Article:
We all helped and coordinated a lot. This is probably because the first scenario is ruthlessly brutal; one player at our table and a few at other tables were trying it for the second (or more!) time, hoping to finally win it. After that, we learned some good cooperation pretty darned fast.
Jason S wrote:
Did players try to work as a group or did some players "go rogue" and start exploring locations that benefitted them in terms of boons (but perhaps they couldn’t close the location)?
No, we all worked well together about what locations each of us would be best at (and best at closing).
Jason S wrote:
Did you ever have time to harvest locations for loot (by not closing a location on purpose)?
No, harvesting locations for loot doesn't seem particularly useful in OP, particularly once you know someone's already got a weapon 1 or item 1 you're looking for.
Jason S wrote:
Were there any characters archetypes that were played more than others? Were Seoni and Kyra really common? :) Were any class decks more common than others? Were any class decks rarely seen?
We had two Arabundis, which mean a lot of extra d4s on combat checks for everyone!
Jason S wrote:
Were healers frequent or were people flexible enough someone would play one if no one else was playing support? Were there ever too many support characters at a table? Did you ever play in a group with no support characters (and were you successful)?
Let me expand on my earlier response to say we had the following:
Tables 1 and 2: Enora (me), Kyra, Arabundi, Merisiel
Jason S wrote:
I imagine players are very flexible with what characters they play in adventures 1+2, but in adventures 4+ do the trends in the paragraph above still hold true?
As your question is specifically about convention play, which I haven't done at those levels, I couldn't say.
Jason S wrote:
Was there anything else you were surprised by?
Yes, how much we had to just do ourselves (or were empowered to do by ourselves, you might say). We had a volunteer "run the box" at our first table, but he had to leave after that. He set up the second scenario, but I "ran the box" thereafter. I had a couple of questions at one point, but literally couldn't find any volunteers in the area to ask (although, as I mentioned above, the one time we had a pretty critical--like, win-or-lose-the-scenario-based-on-the-answer critical--question, Tanis happened to be there).
In all, though, I played with very pleasant, skilled people and would gladly play with any or all of them again.
Yay, I get a Councilor's Ring! And Enora.
Are we going to have whole tables of Enoras with Councilor's Rings at PaizoCon, I wonder?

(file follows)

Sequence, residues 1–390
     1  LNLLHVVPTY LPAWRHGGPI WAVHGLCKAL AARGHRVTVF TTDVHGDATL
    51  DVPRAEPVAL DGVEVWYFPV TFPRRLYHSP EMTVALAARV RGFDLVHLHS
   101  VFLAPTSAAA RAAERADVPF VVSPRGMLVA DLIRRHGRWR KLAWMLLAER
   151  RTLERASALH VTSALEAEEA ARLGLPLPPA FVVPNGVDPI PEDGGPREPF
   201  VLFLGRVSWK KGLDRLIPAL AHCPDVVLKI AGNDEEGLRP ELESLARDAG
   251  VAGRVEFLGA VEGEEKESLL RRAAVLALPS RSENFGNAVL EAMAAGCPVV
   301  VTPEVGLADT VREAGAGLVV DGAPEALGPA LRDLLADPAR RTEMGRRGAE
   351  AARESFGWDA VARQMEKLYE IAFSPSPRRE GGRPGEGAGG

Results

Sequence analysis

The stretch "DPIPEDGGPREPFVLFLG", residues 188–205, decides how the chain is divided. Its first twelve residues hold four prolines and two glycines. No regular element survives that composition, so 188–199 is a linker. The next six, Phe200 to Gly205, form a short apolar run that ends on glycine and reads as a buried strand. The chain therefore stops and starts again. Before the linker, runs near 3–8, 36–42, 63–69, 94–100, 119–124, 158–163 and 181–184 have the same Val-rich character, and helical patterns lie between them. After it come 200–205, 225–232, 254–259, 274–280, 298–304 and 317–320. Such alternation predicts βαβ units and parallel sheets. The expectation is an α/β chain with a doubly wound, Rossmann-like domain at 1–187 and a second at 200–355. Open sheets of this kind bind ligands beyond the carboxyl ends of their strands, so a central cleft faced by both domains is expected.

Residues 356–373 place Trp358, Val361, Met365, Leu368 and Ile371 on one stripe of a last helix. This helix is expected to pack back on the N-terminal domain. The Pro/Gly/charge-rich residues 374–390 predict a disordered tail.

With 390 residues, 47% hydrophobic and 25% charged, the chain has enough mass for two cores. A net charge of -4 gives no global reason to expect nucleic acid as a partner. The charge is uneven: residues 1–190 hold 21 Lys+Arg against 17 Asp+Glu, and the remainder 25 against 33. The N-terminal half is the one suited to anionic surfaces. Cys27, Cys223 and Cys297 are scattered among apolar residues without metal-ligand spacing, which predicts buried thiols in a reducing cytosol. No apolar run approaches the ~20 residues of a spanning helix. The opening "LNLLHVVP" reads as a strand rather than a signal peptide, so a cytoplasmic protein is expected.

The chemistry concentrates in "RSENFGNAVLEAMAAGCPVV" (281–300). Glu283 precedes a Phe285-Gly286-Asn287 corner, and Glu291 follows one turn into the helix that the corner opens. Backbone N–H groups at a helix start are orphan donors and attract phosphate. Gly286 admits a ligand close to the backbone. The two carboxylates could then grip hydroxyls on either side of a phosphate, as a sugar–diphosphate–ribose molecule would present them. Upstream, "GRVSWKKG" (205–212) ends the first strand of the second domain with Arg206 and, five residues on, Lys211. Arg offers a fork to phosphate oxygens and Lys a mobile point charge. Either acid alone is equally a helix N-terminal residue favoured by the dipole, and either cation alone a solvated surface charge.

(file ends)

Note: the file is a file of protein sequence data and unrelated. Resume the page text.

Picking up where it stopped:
I think I get the new "tiers" system, and the expanded example about Lem was helpful. But here's a question I had: could Example Lem be Tier 3?
The rules state that "A character advances to the next tier in one of two ways: either after completing an adventure and gaining its adventure reward, or by choosing to do so after gaining the card feat for his tier."
In the example, Lem finishes 01-1A, 01-1B, 01-1D, 01-2A (and gains a card feat but chooses not to go up a tier), then 01-1C, finishing an adventure and thus going to Tier 2.*
But couldn't Lem finish 01-1A, 01-1B, 01-1D, 01-2A (and gain a card feat and thus choose to go to Tier 2), then play 01-1C, finishing the adventure and then going to Tier 3?
Put another way, are there conditions under which you can do either "trigger" action (gain a card feat, or complete an adventure) but not go up a tier?
* Side question: Can Lem complete 01-1C as in this example but choose not to go up a tier at that time, either, remaining in Tier 1?
Here's an inconsistency:
The middle of the third paragraph in the Building Your Character section on page 6 says, about the skill-power-card feat progression: "Completing the same scenario multiple times does not count as progress towards these feats."
However, the last sentence of the Replaying Scenarios section on page 8 says: "completing the same scenario multiple times counts toward your feat advancement."
Which is it? (I assume the latter quote is an error.)
At the risk of a mere "I'm awesome" post, I did this last night with Heggal and won it on the first turn.
Only one location: Helm. Start there.
Starting hand includes a Farglass, Blessing of the Gods, and a couple other useful cards.
First turn, flip Blessing of Asmodeus onto the blessing discard pile.
Play the Farglass, note that the Hurricane Winds henchman is the second card down, move it to the top.
Encounter the Hurricane Winds and defeat it.
A Wisdom 29 check is required to close my location. Play the Blessing of the Gods as the Blessing of Asmodeus atop the blessings discard pile.
Bury hand. Close location. Win game.
I'm super skeptical of people's amazingly lucky play reports, so feel free to be skeptical of mine, but I found it pretty amazingly fortunate.
I'll be at PaizoCon. I got lotteried (lottereyed? lottereied? man, you'd think a freelancer would be better with words) into an event on Sunday afternoon, so I'm not available for the Aristocratic Luncheon of Freelancer Grace and Class that y'all are putting on...but I'll be around.
I got a few neat lottery events, but I went to sign up for other events and everything is either "event is full" or "signup not yet open."
Open registration opened today with errors, it's now closed, and we have no word on when it will open again? Is that about right?
On the most recent earning's call, Hasbro's CEO acknowledged that its games were overall on an upswing, and singled out Dungeons and Dragons in particular as doing well.
In all, D&D sales probably contribute an amount not much more than a balance sheet rounding error to Hasbro, but the CEO calling it out seems a good sign for the game.